Following the intense market downturn of the past few weeks, many investors will be wondering about the prospects for their portfolios. However, new data from the Association of Investment Companies (AIC) proves the worth of the old adage that it's time in the market, not timing the market, that counts.
The AIC data show that if an investor had invested £1,000 in the average investment company in October 2007, when the FTSE 100 was near its peak before the global financial crisis, that investment would have fallen to £587 by February 2009. But that same investment would be worth £2,115 today, more than double the amount invested - and this is after the market crash of last month.
It's a similar story with the bursting of the dot-com bubble in 2000. An investment of £1,000 in March 2000, near the height of the dot-com boom, would be worth £3,665 today, a 267% return. Remarkably, this 20-year period includes the dot-com crash, the global financial crisis, and the market falls of the past few weeks.
While there’s no telling how long the covid-19 emergency and current bear market will continue, it can be reassuring to look back at previous crashes."
Annabel Brodie-Smith, communications director of the AIC, said: "Markets have just gone through their worst quarter in more than 30 years and whilst there's been a partial recovery over the past fortnight, most investors will have suffered significant losses."
"While there's no telling how long the covid-19 emergency and current bear market will continue, it can be reassuring to look back at previous crashes," she said. "The bursting of the tech bubble and the global financial crisis saw huge falls in markets, similar to this recent crash. However, investors who were able to stay invested or even invest during the downturn would have been richly rewarded over the long term."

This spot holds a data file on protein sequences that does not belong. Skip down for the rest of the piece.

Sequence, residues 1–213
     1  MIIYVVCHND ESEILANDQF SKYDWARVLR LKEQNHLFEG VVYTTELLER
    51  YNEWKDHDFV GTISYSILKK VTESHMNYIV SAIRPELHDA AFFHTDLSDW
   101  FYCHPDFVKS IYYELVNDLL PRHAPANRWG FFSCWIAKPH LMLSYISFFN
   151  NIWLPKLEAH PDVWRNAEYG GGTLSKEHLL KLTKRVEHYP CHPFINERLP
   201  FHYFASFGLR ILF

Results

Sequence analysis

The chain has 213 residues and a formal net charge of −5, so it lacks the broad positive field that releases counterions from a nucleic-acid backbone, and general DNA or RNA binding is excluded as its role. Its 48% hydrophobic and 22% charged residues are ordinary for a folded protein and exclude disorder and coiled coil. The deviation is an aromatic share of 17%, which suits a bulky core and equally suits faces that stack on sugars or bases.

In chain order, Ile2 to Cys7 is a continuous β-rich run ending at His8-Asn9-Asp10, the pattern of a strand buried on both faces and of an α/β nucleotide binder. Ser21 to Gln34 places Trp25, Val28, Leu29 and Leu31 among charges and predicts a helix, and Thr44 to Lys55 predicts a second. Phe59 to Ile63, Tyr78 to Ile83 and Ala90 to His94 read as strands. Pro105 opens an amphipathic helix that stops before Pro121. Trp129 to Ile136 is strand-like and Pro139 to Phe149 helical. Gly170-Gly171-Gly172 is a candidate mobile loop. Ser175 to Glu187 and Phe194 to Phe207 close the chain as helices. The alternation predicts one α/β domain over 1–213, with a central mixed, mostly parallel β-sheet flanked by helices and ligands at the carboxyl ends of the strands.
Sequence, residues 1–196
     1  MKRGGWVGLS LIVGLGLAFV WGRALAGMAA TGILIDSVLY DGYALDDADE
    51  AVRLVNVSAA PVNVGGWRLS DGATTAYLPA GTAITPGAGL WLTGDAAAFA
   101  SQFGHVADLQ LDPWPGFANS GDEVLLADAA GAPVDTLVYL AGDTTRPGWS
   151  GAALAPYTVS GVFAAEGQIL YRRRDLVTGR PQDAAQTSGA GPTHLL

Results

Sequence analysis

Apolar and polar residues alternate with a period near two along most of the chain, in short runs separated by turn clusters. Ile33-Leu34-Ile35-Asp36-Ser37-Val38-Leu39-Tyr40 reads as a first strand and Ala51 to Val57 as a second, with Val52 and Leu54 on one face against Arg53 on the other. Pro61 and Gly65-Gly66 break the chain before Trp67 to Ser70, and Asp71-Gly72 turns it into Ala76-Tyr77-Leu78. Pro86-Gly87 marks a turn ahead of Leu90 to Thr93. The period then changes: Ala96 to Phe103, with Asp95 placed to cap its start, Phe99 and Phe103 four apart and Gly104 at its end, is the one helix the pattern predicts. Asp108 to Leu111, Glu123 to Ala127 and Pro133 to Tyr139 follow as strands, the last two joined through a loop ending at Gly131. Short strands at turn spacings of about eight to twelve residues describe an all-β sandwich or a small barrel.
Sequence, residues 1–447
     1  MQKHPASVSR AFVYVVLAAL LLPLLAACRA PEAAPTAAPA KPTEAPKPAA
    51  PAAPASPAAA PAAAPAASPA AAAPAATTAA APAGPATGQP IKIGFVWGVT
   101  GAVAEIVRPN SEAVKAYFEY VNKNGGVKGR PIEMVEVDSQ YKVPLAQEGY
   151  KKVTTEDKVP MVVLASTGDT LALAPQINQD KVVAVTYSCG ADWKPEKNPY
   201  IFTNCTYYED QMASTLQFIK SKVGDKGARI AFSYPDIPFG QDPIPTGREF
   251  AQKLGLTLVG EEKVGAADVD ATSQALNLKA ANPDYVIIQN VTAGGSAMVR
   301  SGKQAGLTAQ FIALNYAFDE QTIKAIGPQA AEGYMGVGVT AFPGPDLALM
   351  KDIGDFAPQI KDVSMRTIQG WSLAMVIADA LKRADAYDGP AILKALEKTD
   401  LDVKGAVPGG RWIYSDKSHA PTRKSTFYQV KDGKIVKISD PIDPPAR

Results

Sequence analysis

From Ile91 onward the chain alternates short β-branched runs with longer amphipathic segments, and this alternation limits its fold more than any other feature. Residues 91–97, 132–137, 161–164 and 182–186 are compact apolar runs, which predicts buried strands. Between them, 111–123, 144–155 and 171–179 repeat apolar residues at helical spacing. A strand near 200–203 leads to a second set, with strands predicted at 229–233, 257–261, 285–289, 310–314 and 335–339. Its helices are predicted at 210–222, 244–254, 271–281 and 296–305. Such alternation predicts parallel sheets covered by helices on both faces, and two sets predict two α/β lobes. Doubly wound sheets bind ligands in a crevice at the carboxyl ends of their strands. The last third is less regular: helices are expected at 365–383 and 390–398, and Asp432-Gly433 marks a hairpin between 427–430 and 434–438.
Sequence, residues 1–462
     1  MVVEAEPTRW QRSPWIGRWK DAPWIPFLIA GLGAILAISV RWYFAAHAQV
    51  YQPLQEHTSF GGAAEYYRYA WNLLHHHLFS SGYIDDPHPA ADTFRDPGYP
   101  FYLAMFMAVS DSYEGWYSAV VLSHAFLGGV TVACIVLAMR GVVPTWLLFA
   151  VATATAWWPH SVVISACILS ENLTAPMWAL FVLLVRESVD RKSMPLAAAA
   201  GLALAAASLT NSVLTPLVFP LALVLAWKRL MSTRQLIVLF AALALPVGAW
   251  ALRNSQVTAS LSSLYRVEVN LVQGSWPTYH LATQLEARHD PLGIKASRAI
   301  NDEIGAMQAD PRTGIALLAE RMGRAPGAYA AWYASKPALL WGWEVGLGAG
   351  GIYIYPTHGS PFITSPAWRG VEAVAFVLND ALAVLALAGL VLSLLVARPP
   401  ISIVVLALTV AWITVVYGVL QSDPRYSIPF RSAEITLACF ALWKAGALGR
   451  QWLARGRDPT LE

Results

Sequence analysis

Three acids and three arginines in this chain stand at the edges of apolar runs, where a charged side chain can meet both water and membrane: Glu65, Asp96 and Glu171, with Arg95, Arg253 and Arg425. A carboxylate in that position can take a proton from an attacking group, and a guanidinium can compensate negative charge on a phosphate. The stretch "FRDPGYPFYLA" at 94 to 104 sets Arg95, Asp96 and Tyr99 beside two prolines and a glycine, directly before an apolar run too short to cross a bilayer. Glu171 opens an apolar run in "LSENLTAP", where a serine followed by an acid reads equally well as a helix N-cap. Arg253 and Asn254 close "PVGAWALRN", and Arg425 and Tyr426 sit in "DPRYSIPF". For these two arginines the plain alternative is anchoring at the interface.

Brodie-Smith added, "No-one has a crystal ball, but these returns show the power of long-term investment and why it can often pay to have one eye on your portfolio and the other on the horizon."
Lump sums versus regular saving
The data suggests that a lump sum investment made at the worst possible time outperforms drip feeding over the long term. Clearly, not everyone has a lump sum and regularly investing each month is an effective way of building up a larger pot over the years, as well as removing the worry of timing the market.
For example, a £50 monthly investment in the average investment company from October 2007 to March 2020 (£7,550 invested) would now be worth £12,319 (end March 2020). However, a lump sum of £7,550 invested over the same timeframe - right before the global financial crisis led to losses of 41% for the average investment company by February 2009 - would now be worth £15,971.
The same applies if you take the peak of the dot-com bubble as the starting point. Investing £50 a month in the average investment company from March 2000 to March 2020 (£12,100 invested) would have grown to £32,285 today, whereas £12,100 invested as a lump sum over the same period would now be worth £44,346.